26. Team Data Practices Do teams engage in effective analysis? • Change over time • Do teams look at student and group progress over time to understand changes in conceptual thinking or changes in presence or frequency of mistakes or misconceptions? • Appropriate comparisons • Do teams compare group and student performance against meaningful benchmarks such as developmental norms to understand the degree of students’ needs or progress? • Do teams compare similar groups of students to each other to benchmark progress and assess effectiveness of teachers’/teams’ actions? (Boudett et al., 2005; Datnow et al., 2007; Langer & Colton, 2005)

  27. Team Data Practices Or, do teams engage in less effective analysis? • Focus on surface knowledge/skills • Do teams emphasize procedural aspects of knowledge/skills rather than conceptual understanding? • For example do they use item analysis to isolate steps in problem that may have been missed by students without looking for the conceptual issues or how this information informs the learning progression? (Nabors Olah et al., 2010)

  28. Procedural versus conceptual response Rather than looking to uncover if the conceptual understanding of equivalent fractions is present. Adding or subtracting fractions: Focusing on the procedure to convert one of the fractions to a common denominator.

  29. Team Data Practices How would you characterize the effectiveness of the teams you work with in terms of their data analysis? • More ineffective than effective • As ineffective as effective • More effective than ineffective Let’s talk about why you characterized your teams in A, B or C.

  30. Team & Teacher Instructional Response Connecting Interpretation to Instructional Responses What should leaders look for to encourage teachers to connect interpretation of data to their instruction?

  31. Team & Teacher Instructional Response The team conversation is critical. Leaders should look for • Teachers to reflect on and critically analyze the effectiveness of their previous practices based on the evidence (data). • More likely to respond to data rather than personal preferences. • Teachers to use data/evidence to reflect on challenges, successes and resources they brought to a specific instructional task or situation.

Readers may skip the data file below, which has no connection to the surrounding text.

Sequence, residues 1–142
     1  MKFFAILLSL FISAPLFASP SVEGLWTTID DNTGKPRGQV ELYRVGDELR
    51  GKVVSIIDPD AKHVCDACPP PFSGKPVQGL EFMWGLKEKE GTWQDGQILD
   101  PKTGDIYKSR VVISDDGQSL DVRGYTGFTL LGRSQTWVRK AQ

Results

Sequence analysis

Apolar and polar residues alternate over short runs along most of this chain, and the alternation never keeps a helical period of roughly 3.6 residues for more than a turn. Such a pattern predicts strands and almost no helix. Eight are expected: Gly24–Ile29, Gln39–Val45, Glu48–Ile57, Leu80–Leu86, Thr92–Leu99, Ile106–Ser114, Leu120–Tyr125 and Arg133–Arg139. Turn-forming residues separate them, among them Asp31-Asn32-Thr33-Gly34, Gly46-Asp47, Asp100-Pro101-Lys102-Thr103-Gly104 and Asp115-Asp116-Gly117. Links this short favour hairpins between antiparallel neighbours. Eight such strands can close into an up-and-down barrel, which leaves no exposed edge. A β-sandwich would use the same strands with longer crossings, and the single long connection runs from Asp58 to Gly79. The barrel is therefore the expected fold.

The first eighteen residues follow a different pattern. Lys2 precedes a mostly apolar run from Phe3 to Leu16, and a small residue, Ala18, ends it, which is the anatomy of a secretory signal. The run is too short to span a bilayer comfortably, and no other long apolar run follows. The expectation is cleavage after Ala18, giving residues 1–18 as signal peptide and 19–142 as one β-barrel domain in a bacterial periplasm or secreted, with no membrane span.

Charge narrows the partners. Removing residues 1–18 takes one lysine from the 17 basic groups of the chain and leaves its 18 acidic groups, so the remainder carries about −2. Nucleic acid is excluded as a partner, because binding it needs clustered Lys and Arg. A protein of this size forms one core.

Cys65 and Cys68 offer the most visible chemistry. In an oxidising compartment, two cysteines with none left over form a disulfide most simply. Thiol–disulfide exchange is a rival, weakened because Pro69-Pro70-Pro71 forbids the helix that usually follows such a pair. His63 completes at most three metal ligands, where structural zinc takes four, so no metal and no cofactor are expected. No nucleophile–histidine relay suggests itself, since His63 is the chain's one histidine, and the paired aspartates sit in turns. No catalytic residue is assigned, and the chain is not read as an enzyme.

32. Team & Teacher Instructional Response Stoplight Activity What did the data analysis tell us about students’ learning in geometry? Start with reflecting on the instructional tasks that were assessed. Was the geometry instruction effective for students? Did students demonstrate the ability to analyze and compare two-dimensional shapes to distinguish triangles from other shapes? What lessons and activities did I provide for my students to learn how to distinguish triangles from other shapes? Was I explicit in my teaching? Did my activities engage students in discriminating among shapes and comparing the properties of triangles to other shapes, particularly those that were similar, but had at least one defining characteristic that was different?

  33. Team & Teacher Instructional Response Stoplight Activity Part 2 Developing the Instructional Response Team dialogue could be structured using this approach. Hint: it helps to capture this on big paper or on projected computer. Red-Which aspects of instruction didn’t appear to be as effective as planned? Don’t repeat unless seriously modified. Yellow-Caution-what did I miss in terms of student learning progression, instructional approach, etc.? Proceed after team has helped troubleshoot and develop next steps. Green-This appeared to be effective. Continue this strategy where needed or plan next steps to move on.

  34. Team & Teacher Instructional Response From “what” to “how” Look for teachers to demonstrate a developmental progression as they consider how to respond instructionally to analysis. (Cosner, 2011a; Goertz et al., 2009; Means et al., 2010).

  35. Team & Teacher Instructional Response Setting the stage for more mature responses to data • Make the work of teaching public • Norm—teams can be problem-hard but people-soft [critique practice not people] • Provide means for reflection (group and individual) • Develop an inquiry mindset where teachers hypothesize potential causal factors contributing to student performance or behavior • Encourage paraphrasing, clarifying, probing, focusing, reframing questions • Use discussion protocols • Relevant artifacts/data • Guiding questions for considering the artifacts • Structured roles and time • Where needed, seek external support for teams in terms of content and pedagogy.

  36. In Summary • Leaders impact collaborative data use • Leaders can look for, support and develop teams • Team effectiveness • Team data practices • Team & teacher instructional response